In ‘Collage: the Ultimate Remix,’ we learn why many reputable artists, critics, and scholars believe the art of collage is more than pasting together bits of flotsam and jetsam, but rather the art form that defines our image-packed and information-packed times.

“If one of the purposes of art is to serve as an expression of its age, then collage is unquestionably the single most important medium to be developed in the 20th century,” one scholar observed.

A wonderful collage by the artist Jess.

It’s an argument backed by Val Britton, a young San Francisco artist whose work is busting the definition of just what collage can be.

“We are bombarded with all this information—24-hour newsfeeds, Facebook feeds, tweets,” she says. “You can think about collage gathering all of this information in, and using collage to sort through it and create new meanings out of it.”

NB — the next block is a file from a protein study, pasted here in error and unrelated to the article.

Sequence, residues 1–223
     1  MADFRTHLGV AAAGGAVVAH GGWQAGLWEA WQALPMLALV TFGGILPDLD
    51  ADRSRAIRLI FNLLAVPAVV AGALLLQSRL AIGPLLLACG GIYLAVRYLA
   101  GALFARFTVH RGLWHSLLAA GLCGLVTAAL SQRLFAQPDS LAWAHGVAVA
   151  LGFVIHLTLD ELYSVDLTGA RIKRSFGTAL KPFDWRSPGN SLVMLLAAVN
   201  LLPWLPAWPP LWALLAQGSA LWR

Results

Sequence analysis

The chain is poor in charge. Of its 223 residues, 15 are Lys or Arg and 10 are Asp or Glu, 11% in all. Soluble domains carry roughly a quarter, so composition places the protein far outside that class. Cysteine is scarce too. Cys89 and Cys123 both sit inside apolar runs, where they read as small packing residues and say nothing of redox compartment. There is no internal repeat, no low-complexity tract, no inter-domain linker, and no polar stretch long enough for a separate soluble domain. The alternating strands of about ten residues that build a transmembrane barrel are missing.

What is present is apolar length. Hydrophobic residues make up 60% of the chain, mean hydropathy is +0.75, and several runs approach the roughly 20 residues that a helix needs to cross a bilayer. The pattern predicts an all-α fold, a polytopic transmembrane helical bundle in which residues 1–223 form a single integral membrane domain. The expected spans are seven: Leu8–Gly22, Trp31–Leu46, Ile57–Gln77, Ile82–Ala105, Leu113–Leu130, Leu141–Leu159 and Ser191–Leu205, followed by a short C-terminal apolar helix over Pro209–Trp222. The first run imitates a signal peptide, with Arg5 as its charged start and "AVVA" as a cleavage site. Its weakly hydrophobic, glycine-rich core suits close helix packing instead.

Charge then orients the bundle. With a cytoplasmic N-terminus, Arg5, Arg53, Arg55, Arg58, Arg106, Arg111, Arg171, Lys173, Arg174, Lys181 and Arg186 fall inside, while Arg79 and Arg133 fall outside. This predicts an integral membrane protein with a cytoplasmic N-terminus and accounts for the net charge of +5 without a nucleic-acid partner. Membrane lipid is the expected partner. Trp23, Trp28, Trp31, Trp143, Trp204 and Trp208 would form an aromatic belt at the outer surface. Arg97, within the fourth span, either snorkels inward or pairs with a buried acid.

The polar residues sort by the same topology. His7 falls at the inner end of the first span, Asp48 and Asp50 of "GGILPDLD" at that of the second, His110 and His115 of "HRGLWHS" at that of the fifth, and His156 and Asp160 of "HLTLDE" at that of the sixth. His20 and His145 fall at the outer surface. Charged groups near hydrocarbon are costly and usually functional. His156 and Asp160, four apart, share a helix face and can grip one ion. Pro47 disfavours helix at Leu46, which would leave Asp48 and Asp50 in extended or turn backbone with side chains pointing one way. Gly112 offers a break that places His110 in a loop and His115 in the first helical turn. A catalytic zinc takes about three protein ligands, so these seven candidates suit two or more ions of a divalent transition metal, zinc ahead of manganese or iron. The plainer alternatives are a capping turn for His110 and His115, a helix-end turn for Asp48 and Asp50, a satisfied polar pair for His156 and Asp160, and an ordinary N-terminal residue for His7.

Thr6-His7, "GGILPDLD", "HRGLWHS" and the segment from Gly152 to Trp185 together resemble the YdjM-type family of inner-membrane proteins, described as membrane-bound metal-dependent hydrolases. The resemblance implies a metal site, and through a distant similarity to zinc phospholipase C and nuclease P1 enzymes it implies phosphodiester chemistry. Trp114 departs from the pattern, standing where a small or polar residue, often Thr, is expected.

Collage artists may emphasize how much information is floating around the world today – but sometimes the opposite is true.

That was the case for the editors and writers at CA-Modern, who for years have wanted to dig into the history of Mackay Homes, several neighborhoods of attractive, mid-century modern homes on the Peninsula and in Silicon Valley.

The homes, which we profile in ‘Meet the Mackays,’ were designed by Anshen and Allen, Joe Eichler’s original architects, and built for a developer named John Mackay. We also knew that, despite what his biography says, Steve Jobs did not live as a boy in an Eichler – but in an equally open Mackay home.